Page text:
[December 14, 2021]
By Louis Perreault
Certain events transform our lives, leaving indelible marks of their passage. The usual and the common are no longer what they used to be, and the people around us are suddenly thrown into a new light. Our lives are highly punctuated texts with dénouements subjected to perpetual paroxysms of chance and constant collisions provoked by encounters. But do we really change, or are we instead slowly – barely perceptibly – transformed? This is the question that stays with us after reading photographer Guillaume Tomasi’s meditative book Chrysalises1.
In a small pink notebook glued to the inside back cover, thirteen short letters offer a complement to the sequence of photographs in the book. This unusual insertion piques our curiosity and immerses us in Tomasi’s work. It contains individuals’ accounts of moments that caused a significant change in how they perceived the world. Whether they describe the death of someone close, an experience of social injustice, or the transition from childhood to adulthood, each letter serves to further the thesis of pivotal moments that Tomasi is expressing in his visual work.
The photographs in the book are inhabited by a sense of nostalgia. Some anonymous figures populate the sequence, although we can’t link them precisely to the accounts in the letters. Yet, we can almost hear the thoughts of a pregnant young woman, photographed beside a window, for whom life will be forever transformed by the birth of a child. It is more difficult to figure out the thoughts of the man we find a bit further on, appearing in silhouette in light dimmed by closed shutters but his stance and gaze, turned out of frame, clearly suggest introspection and silent reflection. In fact, each subject captured by Tomasi seems to be living in a sort of frozen moment, silent and bathed in sumptuous light that fills the spaces we are looking at.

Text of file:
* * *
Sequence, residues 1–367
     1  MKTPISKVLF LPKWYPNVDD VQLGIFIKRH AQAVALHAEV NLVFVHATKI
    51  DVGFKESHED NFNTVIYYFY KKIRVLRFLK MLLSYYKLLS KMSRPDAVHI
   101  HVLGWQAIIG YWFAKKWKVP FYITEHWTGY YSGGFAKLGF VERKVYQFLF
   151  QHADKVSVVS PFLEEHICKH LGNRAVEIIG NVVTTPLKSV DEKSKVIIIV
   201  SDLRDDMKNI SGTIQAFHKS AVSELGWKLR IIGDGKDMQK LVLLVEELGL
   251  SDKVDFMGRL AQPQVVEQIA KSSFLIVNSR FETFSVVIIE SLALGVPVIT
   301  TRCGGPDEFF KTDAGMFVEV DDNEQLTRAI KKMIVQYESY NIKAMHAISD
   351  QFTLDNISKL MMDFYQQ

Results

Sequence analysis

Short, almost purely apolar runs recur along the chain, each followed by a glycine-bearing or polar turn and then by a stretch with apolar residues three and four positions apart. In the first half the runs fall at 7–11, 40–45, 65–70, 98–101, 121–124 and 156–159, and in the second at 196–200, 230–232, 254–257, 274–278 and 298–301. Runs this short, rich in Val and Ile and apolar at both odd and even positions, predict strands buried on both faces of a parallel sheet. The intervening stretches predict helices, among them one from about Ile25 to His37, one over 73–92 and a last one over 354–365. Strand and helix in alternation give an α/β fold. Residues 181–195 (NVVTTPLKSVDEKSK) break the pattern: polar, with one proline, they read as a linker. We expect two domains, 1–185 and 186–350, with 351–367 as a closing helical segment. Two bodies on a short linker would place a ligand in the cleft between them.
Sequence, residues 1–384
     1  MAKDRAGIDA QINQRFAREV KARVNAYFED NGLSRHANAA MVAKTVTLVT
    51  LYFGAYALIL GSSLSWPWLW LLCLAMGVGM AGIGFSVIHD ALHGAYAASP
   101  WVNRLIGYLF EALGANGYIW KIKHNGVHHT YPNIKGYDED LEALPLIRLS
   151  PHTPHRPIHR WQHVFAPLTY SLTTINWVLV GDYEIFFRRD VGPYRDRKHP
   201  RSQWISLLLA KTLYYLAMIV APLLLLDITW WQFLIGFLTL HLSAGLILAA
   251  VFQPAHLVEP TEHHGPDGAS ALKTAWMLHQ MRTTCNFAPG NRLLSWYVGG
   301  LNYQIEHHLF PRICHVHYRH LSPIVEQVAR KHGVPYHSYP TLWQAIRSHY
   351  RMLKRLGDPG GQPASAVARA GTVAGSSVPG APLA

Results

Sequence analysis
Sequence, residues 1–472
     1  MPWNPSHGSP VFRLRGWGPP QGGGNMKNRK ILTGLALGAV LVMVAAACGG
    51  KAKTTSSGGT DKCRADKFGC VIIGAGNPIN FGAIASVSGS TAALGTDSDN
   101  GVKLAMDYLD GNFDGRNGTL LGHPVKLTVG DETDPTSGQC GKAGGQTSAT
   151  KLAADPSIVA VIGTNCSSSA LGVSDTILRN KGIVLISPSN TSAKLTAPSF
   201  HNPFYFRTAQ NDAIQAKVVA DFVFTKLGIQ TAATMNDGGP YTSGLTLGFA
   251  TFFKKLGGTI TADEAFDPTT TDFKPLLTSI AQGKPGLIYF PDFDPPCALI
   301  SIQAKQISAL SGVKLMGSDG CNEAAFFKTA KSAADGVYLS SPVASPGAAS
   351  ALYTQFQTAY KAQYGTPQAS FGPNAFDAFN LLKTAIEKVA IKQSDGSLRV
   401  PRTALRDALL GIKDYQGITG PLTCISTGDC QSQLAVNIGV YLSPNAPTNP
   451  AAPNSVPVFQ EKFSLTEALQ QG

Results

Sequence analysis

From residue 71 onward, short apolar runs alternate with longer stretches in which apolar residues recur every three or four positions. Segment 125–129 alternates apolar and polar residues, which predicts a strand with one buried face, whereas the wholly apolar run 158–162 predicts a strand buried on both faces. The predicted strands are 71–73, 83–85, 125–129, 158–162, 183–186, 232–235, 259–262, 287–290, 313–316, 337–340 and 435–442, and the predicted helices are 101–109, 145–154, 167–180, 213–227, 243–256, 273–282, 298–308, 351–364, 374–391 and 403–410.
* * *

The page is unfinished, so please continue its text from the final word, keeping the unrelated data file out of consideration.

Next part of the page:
What became of the love between Mela and Rick, who, in 1996, engraved the evidence of their love in the bark of a red maple and whom Tomasi photographed some twenty years later? What species are growing anew in this recently clear-cut forest toward which Tomasi also turned his camera? What fate awaits this village church that we glimpse through a morning mist? And was this small flower garden, found at the end of the sequence, planted in memory of a recently deceased loved one, or is it the encouraging sign of future beautification of a neglected lot? The beauty of Chrysalises resides in the floating sensation that we have as we turn the pages of the book. Clearly, Tomasi is interested in the evocative power of photographs; although he draws on reality for his raw material, it is his reinvestment in metaphor and symbol that makes the book so seductive.
The unadorned graphic design, which gives pride of place to the photographs, denotes, in the end, all the trust that Tomasi has in his medium. There is no descriptive list, no explanatory text, no legend – only a sequence of images and a series of letters. The photographs, centred on the page and surrounded by the immaculate white of matte paper, deposited by impeccable inkjet printing, give shape to a rebellious world that has little patience for immobility and stability. Translated by Käthe Roth
1.Self-published, 88 pages + 16 pages, 24 x 30 cm (book); 10 x 15 cm (booklet), hardcover with sewn binding, embossed cover, 2020, guillaumetomasi.com/book/chrysalises/